We've complained to Triumph regarding the gear ratios chosen for the Tiger XC's since year 2011. First is good for 50ish... Sixth is good for 130ish....
I've looked for a 7th gear for 9 years now, for the reasons you state. (Reduced RPM when cruising.) Stuck turning 6000-7000 just to keep from getting run over is silly. Wastes fuel and wears out engine parts...unnecessarily.
 

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I believe you are seeing a lot of manufacturers do this, there are new emmisions regulations in Europe that sap power so manufacturers are increasing engine size to meet them and keep the amount of power that they currently have. The output of the new 900 isn't substantially higher than the 800, but it meets new emission standards.
 

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They say that the 900 is lighter and more powerful than the 800 though. And better geometry for off road riding.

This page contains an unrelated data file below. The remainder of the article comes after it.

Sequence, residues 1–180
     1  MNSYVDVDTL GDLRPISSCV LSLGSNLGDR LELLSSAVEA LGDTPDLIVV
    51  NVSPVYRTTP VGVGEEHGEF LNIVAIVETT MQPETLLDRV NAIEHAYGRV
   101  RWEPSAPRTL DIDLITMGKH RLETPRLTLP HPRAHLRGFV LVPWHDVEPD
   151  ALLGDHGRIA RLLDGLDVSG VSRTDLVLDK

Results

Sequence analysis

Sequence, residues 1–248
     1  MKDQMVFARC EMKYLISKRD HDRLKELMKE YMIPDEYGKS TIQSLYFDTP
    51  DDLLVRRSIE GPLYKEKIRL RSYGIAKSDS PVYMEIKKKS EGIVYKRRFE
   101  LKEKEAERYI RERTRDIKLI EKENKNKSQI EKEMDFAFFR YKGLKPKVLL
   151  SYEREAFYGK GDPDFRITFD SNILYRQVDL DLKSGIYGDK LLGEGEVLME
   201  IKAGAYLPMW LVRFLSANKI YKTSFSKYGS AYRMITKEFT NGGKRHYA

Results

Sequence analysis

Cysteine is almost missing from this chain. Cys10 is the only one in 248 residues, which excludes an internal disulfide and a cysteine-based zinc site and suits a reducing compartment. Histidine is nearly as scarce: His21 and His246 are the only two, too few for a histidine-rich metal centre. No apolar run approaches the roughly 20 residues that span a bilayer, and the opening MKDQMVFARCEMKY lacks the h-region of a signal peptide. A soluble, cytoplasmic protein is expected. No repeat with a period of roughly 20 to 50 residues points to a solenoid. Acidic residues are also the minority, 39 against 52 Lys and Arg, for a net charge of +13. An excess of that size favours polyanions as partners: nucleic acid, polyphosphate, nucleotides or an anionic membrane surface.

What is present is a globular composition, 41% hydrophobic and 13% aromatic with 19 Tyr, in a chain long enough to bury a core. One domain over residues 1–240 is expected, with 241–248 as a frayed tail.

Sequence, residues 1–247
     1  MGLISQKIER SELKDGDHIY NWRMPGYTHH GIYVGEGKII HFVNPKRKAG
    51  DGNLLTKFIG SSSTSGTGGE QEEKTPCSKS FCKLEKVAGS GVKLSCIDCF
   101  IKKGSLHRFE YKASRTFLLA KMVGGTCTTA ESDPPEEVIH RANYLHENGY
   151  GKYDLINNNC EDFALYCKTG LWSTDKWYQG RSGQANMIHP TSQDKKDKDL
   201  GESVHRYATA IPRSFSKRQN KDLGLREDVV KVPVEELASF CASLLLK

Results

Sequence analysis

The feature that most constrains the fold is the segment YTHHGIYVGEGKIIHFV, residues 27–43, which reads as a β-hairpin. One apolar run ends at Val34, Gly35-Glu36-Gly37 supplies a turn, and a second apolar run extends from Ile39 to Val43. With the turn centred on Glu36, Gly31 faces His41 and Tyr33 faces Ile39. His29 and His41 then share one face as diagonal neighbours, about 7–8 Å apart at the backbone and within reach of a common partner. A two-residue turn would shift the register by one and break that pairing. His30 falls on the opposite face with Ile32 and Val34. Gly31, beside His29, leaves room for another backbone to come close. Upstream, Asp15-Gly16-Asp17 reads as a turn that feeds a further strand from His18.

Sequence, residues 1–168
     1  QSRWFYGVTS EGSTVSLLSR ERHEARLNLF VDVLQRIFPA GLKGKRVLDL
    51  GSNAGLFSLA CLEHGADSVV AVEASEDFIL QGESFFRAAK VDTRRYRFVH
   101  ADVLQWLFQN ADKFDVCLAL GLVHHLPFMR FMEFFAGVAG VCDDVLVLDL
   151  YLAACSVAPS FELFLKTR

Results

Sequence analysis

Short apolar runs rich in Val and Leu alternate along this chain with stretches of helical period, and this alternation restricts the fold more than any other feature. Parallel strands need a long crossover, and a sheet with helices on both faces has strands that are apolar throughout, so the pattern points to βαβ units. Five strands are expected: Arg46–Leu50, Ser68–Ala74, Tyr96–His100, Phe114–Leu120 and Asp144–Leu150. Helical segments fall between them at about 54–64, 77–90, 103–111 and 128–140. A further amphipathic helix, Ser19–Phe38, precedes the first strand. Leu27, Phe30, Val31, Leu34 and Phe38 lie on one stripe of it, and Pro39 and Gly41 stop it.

Pretty much everyone that has ridden both off pavement has said the 900 is an all around improvement in that department.

That said, the 900 motor no longer feels like a triple anymore and I think that's the biggest disappointment to me.
 

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Discussion Starter · #6 ·
They say that the 900 is lighter and more powerful than the 800 though. And better geometry for off road riding.
Pretty much everyone that has ridden both off pavement has said the 900 is an all around improvement
Sure, and I believe it. My question was 'why not make all the SAME improvements to the 800 and it would have been lighter still with more than enough power.
 

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Then the logical alternative for a higher power Tiger would be a 1200 but for a lot more $$. The 900 has more peak torque than the 800 at lower rpm and about the same peak hp at lower rpm. I thought the 800 was a nice ride but pretty buzzy at high rpm. I sat on a 1200 at the dealer but that model was too high and I just blew it off. The salesman could have told me about the 1200 XRx low which would have fit me but he didn’t and I’m now riding a BMW R1250R.